- Two Hundred Miles Of New Bike Facilities Will Built In The Next Three Years.
- Releases Detailed Report On Bicycle Injuries And Fatalities.
- Changes Are Result Of Unprecedented Inter-Agency Collaboration Between Departments Of Transportation, Health, Parks And Police.
The press conference is underway right now in at Tavern on the Green in Central Park. Here are verbatim portions of the City’s press release and a response from Transportation Alternatives. Stay tuned for more news and analysis:
New York City Transportation Commissioner Iris Weinshall today joined Health Commissioner Dr. Thomas R. Frieden, Parks & Recreation Commissioner Adrian Benepe and Police Commissioner Raymond W. Kelly to announce a series of unprecedented bicycle safety improvements, including the addition of 200 miles of new on-street bicycle facilities (paths, lanes and routes) over the next three years. The agencies also announced the release of a joint report describing the factors that contributed to the deaths and serious injuries of bicyclists over the past decade.
The joint report issued today, Bicyclist Fatalities and Serious Injuries in New York City 1996-2005, examines factors that contributed to the deaths of 225 bicyclists during the past decade and the serious injuries of 3,462 bicyclists between 1996 and 2003. The full report will be available right here (PDF file).
"The ambitious target we’ve set for the next three years will complete the backbone of the City’s planned bicycle network," said Transportation Commissioner Iris Weinshall.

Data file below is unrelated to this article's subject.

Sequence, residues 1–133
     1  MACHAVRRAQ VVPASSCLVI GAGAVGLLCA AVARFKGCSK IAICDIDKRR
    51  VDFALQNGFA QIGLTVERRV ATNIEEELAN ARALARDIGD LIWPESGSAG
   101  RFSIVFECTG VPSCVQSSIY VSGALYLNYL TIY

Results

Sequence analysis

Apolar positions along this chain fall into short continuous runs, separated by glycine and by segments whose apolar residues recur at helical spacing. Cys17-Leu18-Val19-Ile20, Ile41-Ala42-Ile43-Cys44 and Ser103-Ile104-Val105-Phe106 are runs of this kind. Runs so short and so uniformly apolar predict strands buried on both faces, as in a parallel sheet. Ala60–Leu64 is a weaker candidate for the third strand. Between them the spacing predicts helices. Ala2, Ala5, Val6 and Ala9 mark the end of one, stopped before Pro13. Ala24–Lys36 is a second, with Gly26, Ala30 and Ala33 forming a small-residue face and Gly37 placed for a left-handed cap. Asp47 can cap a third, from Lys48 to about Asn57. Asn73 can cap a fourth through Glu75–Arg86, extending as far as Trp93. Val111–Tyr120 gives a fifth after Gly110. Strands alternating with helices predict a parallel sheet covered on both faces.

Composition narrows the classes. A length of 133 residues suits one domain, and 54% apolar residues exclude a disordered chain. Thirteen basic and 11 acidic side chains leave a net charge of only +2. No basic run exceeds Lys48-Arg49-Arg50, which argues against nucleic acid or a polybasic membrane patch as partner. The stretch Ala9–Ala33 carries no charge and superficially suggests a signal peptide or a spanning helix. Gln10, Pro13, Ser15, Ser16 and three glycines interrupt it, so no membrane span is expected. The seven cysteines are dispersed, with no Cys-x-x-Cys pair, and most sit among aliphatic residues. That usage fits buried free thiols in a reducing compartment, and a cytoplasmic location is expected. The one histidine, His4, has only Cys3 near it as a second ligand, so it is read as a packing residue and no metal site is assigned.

The 200 miles of new on-street bicycle facilities will include vehicle-free bike paths, on-street striped lanes and signed routes. The Department of Transportation (DOT) will install 40 miles in Fiscal Year (FY) 2007, which began July 1, 2006 and will add 70 miles in FY 2008 and 90 miles in FY 2009. To accomplish this, DOT is hiring new staff and committing more funding for its Bicycle and Highway Design divisions. The City’s Parks & Recreation Department (DPR) also plans to complete 40 miles of greenways in City Parks over the next four years.
"Today’s announcement that the City Departments of Transportation, Health, Police and Parks are working together to dramatically improve and increase bicycling heralds a new and exciting era for the city," Transportation Alternatives’ Bicycle Program Director Noah Budnick said. "Three million New Yorkers are overweight, one million have asthma and three-quarter million suffer from diabetes. It is clear more than ever that increasing cycling is a public health issue, as well as one of traffic safety, air quality and economics."
"Safe bicycling is a great way to increase physical activity and improve health," said Health Commissioner Thomas R. Frieden, M.D., M.P.H. "By making New York City an even safer place to ride, we hope more New Yorkers will bike for better health."
"A combination of adherence to traffic rules by motorists and cyclists alike, along with the use of appropriate safety equipment, will go a long way toward saving lives and making the cycling environment even safer," said Police Commissioner Raymond W. Kelly.
The City’s bicycle crash study is the most thorough analysis of cyclist serious injuries and fatalities undertaken in the United States, according to Transportation Alternatives. It was prompted in 2005 by Transportation Alternatives and a coalition of twenty New York City cycling organizations after a spate of cyclist deaths. After the cycling groups came together, City agencies joined forces to produce the study.